Nobel Women’s Initiative joins with Indigenous women in Guatemala in welcoming the recent court ruling that found ex-paramilitaries guilty of crimes against humanity for rape and sexual violence that took place in the early 1980s.
Last week, a Guatemalan court ruled that during the decades-long conflict in the country Indigenous Maya Achi women faced domestic slavery, sexual violence and rape. Five former members of a paramilitary group were sentenced to 30 years each in prison.
An estimated 200,000 people were killed in the civil war, with 45,000 disappeared. Indigenous Maya civilians were overwhelmingly targeted and countless Mayan women and girls were raped. The conflict, from 1960 to 1996, saw the Guatemalan military fighting leftist forces.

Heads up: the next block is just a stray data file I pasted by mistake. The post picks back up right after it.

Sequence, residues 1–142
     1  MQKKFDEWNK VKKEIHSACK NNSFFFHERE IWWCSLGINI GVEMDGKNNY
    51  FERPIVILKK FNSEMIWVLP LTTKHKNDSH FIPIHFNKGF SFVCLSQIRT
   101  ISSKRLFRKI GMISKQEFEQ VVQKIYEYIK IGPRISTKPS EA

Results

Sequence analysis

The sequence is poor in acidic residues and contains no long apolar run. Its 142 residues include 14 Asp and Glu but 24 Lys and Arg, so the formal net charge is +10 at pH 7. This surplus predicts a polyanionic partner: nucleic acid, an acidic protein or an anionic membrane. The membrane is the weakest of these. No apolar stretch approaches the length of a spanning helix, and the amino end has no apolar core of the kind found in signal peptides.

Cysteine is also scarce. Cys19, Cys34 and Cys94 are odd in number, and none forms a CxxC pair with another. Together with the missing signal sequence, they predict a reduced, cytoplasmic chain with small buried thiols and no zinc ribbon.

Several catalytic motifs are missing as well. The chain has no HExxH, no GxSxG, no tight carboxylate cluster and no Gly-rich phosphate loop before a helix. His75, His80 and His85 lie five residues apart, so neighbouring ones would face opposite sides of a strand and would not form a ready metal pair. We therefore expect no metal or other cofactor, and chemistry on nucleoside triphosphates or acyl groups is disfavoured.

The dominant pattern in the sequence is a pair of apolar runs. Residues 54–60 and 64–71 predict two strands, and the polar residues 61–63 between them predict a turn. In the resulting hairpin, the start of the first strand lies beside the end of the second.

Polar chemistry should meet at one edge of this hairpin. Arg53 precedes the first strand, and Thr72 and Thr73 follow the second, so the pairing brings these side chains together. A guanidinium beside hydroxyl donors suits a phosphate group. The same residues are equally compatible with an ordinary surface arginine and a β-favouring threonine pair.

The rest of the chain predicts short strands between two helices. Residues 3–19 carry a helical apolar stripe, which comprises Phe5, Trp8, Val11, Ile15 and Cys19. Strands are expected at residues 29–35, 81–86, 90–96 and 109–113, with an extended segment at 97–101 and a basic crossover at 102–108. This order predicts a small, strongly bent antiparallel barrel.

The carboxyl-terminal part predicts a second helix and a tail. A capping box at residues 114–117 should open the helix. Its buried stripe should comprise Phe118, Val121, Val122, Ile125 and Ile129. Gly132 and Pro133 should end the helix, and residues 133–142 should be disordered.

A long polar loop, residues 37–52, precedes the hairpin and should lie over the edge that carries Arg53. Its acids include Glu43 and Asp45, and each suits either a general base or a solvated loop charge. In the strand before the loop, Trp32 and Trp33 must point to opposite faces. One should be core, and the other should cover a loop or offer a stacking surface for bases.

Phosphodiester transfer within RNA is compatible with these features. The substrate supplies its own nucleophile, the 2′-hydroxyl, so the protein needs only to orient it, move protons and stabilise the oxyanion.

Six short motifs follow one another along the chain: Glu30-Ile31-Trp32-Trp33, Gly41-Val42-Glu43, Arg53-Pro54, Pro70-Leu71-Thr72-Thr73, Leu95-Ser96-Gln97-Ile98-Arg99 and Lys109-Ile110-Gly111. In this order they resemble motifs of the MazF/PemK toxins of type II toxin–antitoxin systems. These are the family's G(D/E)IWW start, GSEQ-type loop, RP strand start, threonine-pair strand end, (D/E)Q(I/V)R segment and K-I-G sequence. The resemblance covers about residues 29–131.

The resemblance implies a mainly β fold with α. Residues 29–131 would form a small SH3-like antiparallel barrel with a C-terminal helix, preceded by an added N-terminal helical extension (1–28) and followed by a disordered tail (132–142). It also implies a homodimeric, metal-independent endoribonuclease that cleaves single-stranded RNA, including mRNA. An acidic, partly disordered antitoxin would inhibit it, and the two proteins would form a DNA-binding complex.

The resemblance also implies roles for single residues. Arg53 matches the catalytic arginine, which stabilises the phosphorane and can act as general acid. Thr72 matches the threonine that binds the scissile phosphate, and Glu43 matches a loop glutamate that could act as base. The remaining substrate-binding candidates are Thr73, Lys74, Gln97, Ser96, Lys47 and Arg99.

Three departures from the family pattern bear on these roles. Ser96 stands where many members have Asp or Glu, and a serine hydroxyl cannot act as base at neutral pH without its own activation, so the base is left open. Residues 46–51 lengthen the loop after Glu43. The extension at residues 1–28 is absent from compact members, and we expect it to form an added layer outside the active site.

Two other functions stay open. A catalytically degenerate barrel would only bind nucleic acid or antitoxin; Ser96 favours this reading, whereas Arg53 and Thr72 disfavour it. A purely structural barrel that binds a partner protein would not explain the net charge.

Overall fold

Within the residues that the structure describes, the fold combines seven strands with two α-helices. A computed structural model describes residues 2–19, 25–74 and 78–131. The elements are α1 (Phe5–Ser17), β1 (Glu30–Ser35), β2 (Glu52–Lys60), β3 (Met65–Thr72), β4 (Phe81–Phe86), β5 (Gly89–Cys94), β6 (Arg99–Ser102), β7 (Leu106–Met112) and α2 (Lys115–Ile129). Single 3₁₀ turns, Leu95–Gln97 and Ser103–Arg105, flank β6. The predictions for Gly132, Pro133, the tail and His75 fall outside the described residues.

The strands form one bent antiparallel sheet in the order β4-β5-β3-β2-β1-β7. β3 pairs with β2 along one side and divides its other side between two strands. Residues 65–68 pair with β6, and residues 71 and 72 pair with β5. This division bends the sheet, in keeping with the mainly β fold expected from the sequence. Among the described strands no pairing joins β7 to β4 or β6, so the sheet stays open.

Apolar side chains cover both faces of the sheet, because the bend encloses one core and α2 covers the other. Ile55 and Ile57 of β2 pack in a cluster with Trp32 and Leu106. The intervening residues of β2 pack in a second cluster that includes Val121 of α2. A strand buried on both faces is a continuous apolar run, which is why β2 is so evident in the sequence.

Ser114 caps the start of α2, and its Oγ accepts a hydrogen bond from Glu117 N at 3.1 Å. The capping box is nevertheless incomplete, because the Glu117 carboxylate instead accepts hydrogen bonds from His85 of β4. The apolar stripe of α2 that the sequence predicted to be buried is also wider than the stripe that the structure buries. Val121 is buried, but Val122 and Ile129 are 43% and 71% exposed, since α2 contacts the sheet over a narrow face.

The 36 women plaintiffs worked for years to have their voices heard and for justice to finally be carried out.
The court decision came after 11 years of organizing, gathering evidence, and repeated attempts to have their testimonies heard. The tribunal pointed to “the importance of the testimonies of the women” in ruling that sexual violence was systematic and was used as a weapon of war.
This ruling comes six years after another pivotal case found two former Guatemalan military officers guilty of rape and enslavement of Indigenous women in Sepur Zarco.
Sexual violence in war is not “collateral damage”, rather it is used to systematically terrorize communities and achieve military ends. It is a war crime. Sexual violence as warfare needs to end.
Cases of sexual violence must be investigated. The testimonies of survivors must be heard. And those responsible must be held to account.
Thirty-six courageous women worked to ensure that that happened for the Maya Achi in Guatemala. We stand with them and applaud their long-awaited court victory as a key step towards justice.
Guatemala: Indigenous women celebrate ruling on sexual violence, Al Jazeera, 25 January, 2022.